The June long weekend generally provides us with the opportunity to get out and do those things we usually don’t get time to do. My wife and I chose to spend some time with friends, sharing an osso buco and a cheeky glass of red or two whilst catching up on everything that has gone on since we last got together. It was during this lovely afternoon that the number one question I get asked as a podiatrist was thrown to me. My mate Simon, who is an AFL nut and is keen about fitness, turns to me, glass of wine in hand and asks:
“So Andrea, what’s the best shoe for me to run in?”
As a sports podiatrist, getting asked this question is like being asked “How long is a piece of string?”
The reality is there isn’t one shoe (or brand for that matter) that is right for every person. There are so many variables that one must take into account when purchasing an athletic shoe, that to answer this question in any other way would be simply disingenuous.
It is important, however, that people are at least aware of what to look for and what to consider when purchasing athletic footwear. Below is a list of some of the considerations that you should take into account when looking to buy athletic footwear:
- Comfort and Fit:
- This is the MOST important consideration, irrespective of foot type or footwear engineering
- We understand that comfort is a subjective measure and difficult to quantify, however evidence released last year linked improved comfort to as much as a 13% reduction in frequency of injury in a running cohort
- Activity to be Performed
- All premier footwear brands spend vast amounts of money designing shoes for specific activities.
- I regularly see sports related injuries where a shoe designed for running has not been used for its intended purpose. An example would be a sport requiring sudden changes of direction and side to side movement (e.g. Netball)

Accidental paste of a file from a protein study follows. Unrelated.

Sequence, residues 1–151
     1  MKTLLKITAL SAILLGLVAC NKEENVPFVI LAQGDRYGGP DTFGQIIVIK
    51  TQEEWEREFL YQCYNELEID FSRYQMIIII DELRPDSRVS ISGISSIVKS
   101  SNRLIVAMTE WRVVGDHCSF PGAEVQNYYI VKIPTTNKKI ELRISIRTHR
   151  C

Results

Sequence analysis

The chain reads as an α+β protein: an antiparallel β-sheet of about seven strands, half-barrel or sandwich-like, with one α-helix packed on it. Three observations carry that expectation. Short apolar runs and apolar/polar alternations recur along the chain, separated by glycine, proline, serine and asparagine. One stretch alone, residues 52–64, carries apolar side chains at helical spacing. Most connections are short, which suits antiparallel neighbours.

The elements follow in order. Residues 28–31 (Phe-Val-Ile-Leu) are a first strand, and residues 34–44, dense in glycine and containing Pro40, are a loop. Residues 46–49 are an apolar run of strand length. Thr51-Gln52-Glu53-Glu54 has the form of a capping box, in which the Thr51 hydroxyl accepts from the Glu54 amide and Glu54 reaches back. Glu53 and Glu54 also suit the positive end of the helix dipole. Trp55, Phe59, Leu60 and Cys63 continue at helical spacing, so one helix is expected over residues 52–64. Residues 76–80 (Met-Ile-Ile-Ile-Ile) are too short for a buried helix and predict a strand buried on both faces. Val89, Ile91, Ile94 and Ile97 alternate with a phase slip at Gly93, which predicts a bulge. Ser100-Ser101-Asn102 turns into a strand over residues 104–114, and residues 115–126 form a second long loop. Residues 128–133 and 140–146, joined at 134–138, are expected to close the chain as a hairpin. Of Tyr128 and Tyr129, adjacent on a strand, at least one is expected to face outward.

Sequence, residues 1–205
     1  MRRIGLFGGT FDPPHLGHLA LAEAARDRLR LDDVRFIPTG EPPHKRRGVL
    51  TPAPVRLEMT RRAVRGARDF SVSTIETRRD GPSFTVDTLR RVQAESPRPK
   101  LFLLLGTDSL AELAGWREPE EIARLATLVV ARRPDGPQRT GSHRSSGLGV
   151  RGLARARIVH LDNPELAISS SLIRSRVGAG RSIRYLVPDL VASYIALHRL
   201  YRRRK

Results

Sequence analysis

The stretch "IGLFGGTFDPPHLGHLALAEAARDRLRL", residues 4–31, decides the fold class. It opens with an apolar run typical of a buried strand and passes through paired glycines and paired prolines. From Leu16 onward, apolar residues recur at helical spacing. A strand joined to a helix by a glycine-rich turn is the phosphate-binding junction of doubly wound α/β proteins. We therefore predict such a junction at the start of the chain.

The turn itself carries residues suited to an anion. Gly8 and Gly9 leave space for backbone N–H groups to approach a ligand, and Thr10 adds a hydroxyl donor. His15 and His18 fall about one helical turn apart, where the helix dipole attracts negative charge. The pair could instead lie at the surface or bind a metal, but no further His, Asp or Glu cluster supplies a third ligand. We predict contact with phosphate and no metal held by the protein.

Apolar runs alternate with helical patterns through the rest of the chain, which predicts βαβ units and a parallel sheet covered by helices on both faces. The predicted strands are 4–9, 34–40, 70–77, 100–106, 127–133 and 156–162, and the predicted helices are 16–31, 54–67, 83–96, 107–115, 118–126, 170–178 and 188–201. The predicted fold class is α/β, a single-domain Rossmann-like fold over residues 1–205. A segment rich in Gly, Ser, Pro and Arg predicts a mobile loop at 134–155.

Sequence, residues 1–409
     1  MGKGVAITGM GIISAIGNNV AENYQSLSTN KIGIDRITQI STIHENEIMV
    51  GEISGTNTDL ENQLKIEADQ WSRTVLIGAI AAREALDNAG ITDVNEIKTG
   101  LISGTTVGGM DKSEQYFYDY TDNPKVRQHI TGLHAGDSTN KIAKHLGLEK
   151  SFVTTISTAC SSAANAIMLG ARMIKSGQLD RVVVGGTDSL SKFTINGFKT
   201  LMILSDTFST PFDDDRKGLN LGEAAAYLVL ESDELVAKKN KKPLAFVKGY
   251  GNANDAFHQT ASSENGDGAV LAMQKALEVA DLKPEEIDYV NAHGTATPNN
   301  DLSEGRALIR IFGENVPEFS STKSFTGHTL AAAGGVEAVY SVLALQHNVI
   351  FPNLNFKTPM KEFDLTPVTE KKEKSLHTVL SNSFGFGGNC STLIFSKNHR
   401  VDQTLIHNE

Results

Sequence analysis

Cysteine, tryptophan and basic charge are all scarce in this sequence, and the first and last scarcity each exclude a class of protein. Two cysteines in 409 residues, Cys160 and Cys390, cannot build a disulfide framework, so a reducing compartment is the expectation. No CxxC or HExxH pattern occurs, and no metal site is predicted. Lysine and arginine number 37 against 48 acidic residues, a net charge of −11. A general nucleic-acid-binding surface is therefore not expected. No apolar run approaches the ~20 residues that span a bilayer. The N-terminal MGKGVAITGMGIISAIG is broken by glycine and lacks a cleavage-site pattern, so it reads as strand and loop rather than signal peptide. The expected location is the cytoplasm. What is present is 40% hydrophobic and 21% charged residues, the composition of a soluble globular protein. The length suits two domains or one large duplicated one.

- This may mean you need to buy two pairs of shoes, one for running and one for your other activity
- Type of Injury
- Different shoes will have an impact on different parts of the lower leg anatomy
- High drop/offset shoes will load the knee and offload the ankle and Achilles
- Low drop/offset shoes will load the ankle and Achilles and offload the knee
- Posted shoes (both medial and lateral) will affect the knee in different ways. If in doubt go for a stable “neutral” shoe or, even better, seek professional advice.
- Biomechanical Profile
- This does not relate to whether your foot is flat or not. The evidence surrounding footwear engineering with regard to foot type and reduced injury is very weak and not something I personally subscribe to
- What is important though is how an individual moves taking into account all parts of the kinetic chain including hip, knee and foot function
- Considerations in footwear affected by one’s biomechanical profile include, but are not limited to, weight of the shoe, midsole posting/density and offset.
As I finished my monologue espousing everything I know about footwear, explaining the complexities and how they pertain to him, Simon placed his empty glass on the table, looked at me with a mixture of surprise and disbelief and exclaimed,
“Wow, I didn’t realise there was that much to it Andrea”
I smiled and replied,
“You’re not alone mate. Now how about we refill that glass of yours?”